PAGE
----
Payments standards body EMVCo has updated its Payment Tokenisation Technical Framework to introduce the new roles of ‘token programme’ and ‘token user’, refine the roles of ‘token service provider’ and ‘token requestor’ and detail “their interrelationships within the global payments environment.”
EMV Payment Tokenisation Specification — Technical Framework v2.0 also includes expanded ecommerce use cases and operational management enhancements “to support global interoperability and facilitate transaction security.”
“The latest document addresses the adoption of payment token use cases in ecommerce beyond existing card-on-file, and offers enhancements to how payment tokens can be controlled within a single payments channel”, EMVCo says.
Key updates within version 2.0 include:
- Expansion of the payment token issuance processes “to enable the request of a payment token with a value other than a PAN.”
- The introduction of a payment token assurance method, designed “to enable a token requestor, such as an issuer, digital wallet provider or merchant, to have information available related to the identification and verification processes associated with the issuance of a payment token.”
- Recognition that “the entity introducing payment tokenization to a payment ecosystem is responsible for establishing a payment token programme. This programme will define the business policies and processes for the generation, issuance and full lifecycle management of payment tokens to ensure their effective delivery.”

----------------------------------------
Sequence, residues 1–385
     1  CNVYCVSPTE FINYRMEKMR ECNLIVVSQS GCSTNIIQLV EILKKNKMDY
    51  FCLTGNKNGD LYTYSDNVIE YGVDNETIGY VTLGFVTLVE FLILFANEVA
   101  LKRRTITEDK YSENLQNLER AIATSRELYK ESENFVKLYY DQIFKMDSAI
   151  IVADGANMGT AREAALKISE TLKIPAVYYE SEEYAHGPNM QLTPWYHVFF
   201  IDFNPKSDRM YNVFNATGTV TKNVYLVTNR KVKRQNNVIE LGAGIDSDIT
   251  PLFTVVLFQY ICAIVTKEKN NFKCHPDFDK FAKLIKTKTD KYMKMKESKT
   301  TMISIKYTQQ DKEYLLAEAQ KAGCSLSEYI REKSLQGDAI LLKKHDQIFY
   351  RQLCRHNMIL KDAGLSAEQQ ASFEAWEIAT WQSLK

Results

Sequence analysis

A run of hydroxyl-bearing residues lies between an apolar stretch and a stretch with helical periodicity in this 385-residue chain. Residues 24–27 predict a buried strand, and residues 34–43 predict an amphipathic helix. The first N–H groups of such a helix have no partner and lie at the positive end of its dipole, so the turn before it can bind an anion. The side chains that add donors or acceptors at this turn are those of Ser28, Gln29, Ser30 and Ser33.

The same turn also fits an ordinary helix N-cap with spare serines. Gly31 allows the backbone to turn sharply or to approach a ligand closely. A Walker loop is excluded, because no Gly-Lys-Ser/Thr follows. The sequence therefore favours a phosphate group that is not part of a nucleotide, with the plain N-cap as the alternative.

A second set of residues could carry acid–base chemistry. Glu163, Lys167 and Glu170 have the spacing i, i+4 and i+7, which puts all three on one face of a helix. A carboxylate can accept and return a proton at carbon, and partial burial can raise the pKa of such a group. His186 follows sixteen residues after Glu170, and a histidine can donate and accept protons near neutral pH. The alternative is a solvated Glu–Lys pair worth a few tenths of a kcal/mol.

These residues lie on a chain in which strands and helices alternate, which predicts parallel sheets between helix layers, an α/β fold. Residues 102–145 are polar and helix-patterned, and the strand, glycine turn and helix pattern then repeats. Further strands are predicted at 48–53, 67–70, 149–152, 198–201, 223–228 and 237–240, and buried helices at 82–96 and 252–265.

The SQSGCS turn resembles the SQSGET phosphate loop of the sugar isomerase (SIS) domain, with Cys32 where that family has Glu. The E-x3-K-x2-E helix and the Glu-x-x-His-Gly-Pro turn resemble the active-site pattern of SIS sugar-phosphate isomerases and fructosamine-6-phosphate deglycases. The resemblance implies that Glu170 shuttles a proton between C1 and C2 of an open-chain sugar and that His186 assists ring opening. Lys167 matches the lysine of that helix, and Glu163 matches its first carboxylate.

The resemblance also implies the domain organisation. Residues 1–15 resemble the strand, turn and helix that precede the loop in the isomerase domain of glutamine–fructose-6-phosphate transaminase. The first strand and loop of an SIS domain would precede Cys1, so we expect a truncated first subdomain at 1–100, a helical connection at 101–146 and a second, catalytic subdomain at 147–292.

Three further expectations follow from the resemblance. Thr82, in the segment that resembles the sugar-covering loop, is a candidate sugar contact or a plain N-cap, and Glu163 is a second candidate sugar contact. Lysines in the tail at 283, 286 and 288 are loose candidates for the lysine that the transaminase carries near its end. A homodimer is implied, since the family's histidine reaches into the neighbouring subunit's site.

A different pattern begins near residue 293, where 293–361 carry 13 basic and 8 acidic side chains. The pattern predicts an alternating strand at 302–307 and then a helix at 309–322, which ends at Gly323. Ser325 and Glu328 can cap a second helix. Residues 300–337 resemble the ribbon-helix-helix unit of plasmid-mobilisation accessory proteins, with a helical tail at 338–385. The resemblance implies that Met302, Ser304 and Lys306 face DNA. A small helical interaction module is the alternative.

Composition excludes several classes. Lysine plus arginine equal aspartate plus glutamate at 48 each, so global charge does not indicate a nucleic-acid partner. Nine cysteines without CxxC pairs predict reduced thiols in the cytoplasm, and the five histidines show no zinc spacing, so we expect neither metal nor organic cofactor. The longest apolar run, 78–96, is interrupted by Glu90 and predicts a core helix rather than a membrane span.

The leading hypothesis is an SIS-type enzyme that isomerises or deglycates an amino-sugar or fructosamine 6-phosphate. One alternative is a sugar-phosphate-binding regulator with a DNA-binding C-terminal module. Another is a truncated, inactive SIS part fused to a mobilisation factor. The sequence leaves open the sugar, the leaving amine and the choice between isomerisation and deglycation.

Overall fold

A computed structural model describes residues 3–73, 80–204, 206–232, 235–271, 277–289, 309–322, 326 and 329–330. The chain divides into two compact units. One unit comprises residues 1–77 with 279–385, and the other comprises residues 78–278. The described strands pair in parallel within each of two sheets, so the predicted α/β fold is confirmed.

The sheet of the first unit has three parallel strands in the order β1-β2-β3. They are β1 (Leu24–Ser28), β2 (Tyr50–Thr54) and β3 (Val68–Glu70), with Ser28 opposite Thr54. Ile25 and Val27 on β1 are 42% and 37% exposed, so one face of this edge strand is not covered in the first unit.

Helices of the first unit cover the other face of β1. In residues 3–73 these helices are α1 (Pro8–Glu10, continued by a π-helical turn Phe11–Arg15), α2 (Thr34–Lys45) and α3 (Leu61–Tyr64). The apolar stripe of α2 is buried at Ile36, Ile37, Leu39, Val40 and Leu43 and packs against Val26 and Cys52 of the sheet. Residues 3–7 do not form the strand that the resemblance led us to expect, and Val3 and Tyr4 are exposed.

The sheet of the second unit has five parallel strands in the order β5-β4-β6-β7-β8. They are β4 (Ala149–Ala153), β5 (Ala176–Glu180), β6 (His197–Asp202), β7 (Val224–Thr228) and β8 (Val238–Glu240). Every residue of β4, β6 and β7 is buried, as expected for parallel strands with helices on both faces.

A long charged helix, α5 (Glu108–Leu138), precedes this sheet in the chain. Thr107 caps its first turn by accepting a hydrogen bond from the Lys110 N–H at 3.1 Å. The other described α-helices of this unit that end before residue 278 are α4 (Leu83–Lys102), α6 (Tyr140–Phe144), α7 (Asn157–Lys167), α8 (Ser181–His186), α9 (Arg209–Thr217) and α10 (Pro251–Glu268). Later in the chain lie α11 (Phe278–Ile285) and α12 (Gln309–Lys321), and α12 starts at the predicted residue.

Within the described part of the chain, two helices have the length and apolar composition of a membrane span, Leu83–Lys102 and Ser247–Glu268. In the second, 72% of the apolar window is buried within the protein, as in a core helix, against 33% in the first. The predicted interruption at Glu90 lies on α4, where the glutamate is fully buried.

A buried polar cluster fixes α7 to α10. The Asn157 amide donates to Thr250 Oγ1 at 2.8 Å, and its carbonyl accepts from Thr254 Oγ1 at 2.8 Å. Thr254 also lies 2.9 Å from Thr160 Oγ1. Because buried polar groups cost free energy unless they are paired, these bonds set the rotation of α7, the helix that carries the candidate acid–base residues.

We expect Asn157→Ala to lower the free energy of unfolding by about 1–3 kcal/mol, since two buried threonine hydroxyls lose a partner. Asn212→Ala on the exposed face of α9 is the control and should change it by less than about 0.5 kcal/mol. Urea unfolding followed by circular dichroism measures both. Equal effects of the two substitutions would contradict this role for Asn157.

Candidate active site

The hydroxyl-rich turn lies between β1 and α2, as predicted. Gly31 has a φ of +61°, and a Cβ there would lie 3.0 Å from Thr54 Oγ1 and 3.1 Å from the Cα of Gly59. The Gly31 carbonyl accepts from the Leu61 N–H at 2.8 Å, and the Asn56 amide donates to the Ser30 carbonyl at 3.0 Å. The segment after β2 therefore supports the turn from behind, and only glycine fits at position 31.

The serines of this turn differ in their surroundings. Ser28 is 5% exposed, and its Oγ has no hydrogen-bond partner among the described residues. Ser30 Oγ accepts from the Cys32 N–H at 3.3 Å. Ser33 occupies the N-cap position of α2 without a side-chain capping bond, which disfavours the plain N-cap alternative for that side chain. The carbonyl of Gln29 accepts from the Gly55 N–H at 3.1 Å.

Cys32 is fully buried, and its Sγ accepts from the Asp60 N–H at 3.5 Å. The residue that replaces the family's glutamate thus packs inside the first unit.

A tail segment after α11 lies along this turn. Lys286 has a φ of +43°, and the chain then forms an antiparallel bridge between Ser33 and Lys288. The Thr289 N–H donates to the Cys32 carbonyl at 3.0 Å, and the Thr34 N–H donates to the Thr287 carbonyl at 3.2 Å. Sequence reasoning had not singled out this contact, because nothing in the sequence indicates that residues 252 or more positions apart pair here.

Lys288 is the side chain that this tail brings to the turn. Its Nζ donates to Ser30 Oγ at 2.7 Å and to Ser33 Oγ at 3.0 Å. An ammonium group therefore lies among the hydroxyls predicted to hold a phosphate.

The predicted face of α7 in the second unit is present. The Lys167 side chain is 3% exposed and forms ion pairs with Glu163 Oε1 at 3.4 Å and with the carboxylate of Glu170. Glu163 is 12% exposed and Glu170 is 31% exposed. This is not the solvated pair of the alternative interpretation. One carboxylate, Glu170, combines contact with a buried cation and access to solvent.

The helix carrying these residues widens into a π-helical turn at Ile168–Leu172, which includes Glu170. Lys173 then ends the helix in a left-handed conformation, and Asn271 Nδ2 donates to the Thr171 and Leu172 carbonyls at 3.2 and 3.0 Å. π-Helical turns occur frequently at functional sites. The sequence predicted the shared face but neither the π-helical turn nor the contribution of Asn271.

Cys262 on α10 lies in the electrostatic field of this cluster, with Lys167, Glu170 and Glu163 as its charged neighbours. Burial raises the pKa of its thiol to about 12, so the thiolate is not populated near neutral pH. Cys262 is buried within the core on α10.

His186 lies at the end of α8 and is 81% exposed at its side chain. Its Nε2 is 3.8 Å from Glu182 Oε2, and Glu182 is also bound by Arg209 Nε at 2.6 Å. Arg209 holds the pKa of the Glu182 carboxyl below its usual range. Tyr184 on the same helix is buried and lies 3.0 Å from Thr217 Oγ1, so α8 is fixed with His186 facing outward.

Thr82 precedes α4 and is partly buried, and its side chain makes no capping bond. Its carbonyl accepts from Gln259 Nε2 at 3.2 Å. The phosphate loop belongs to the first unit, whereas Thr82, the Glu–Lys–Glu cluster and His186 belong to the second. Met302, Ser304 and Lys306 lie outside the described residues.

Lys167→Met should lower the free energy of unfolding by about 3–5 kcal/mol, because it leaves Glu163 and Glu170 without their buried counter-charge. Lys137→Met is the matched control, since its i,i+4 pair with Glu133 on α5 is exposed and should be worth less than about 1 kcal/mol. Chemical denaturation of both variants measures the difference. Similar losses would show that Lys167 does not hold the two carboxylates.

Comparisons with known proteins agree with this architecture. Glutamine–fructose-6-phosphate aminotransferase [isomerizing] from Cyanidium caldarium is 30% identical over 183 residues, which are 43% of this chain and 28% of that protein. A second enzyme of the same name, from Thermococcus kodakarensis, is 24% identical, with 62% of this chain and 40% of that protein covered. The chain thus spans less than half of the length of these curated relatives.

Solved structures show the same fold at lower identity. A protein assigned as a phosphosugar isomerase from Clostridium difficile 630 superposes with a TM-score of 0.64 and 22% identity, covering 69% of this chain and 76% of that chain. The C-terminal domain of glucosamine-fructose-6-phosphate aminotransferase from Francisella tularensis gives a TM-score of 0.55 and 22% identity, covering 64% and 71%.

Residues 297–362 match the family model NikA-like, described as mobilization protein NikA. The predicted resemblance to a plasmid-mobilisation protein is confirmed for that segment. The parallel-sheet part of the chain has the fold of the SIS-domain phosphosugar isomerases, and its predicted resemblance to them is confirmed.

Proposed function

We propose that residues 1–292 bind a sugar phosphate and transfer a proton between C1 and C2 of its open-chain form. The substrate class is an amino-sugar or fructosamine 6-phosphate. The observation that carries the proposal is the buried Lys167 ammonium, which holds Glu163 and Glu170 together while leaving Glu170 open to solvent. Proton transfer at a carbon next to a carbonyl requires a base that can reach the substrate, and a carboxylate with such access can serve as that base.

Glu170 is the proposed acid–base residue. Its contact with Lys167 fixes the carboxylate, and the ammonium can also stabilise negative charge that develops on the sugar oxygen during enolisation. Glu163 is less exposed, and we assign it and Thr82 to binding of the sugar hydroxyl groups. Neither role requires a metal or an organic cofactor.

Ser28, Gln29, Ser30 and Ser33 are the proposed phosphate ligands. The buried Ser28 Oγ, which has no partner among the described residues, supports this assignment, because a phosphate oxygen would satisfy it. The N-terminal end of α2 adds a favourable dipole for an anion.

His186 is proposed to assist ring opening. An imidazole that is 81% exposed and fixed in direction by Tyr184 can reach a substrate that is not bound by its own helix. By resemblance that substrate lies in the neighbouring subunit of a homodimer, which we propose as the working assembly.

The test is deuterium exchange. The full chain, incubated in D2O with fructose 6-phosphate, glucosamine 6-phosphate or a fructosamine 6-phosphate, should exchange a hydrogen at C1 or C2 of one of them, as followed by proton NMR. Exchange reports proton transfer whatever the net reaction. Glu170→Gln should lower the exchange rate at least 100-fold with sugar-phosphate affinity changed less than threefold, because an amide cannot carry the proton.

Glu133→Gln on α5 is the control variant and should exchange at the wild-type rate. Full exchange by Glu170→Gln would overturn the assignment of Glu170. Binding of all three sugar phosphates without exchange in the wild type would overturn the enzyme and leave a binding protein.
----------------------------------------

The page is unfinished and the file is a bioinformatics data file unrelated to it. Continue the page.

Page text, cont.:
- Additional detail on payment token processing “which clarifies the use of a payment token in the authorisation process.”
- The introduction of new concepts around shared and limited use payment tokens “to support the expansion of ecommerce use cases”.
“EMVCo has been working closely with the payments community to develop the technical framework to create a common functional baseline for payment tokenization solutions to achieve worldwide interoperability,” says Jack Pan, chair of the EMVCo Executive Committee.
“This latest version offers significant updates and use cases that reflect payment industry input to define how EMV payment tokens are generated, deployed and managed. The level of detail assists in establishing a stable payment environment and delivering a common set of tools to facilitate transaction security.”
“Our work in the area of payment tokenization continues to evolve as new use cases are identified and functionality is agreed upon,” adds Cheryl Mish, chair of the EMVCo Board of Managers.
“The technical framework needs to capture these industry requirements and be flexible enough to interoperate with the existing payment ecosystem while supporting ecommerce, new payment methods and regional variations.
“To achieve this, we continue to call on the payments community to get involved and provide feedback.”